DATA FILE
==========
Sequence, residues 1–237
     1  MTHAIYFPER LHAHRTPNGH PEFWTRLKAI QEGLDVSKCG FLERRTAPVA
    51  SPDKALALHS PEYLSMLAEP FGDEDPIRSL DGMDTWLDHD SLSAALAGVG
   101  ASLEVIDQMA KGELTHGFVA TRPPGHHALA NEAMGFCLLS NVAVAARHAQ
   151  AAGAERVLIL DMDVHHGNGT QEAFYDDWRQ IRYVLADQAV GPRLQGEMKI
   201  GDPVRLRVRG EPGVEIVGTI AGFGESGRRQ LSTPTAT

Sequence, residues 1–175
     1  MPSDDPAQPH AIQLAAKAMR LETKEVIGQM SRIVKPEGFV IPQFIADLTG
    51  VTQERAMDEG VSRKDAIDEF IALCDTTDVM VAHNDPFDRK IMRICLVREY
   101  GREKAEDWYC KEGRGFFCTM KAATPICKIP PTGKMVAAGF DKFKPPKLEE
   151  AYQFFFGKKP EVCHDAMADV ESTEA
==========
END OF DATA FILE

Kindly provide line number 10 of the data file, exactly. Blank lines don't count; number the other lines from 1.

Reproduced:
   101  GREKAEDWYC KEGRGFFCTM KAATPICKIP PTGKMVAAGF DKFKPPKLEE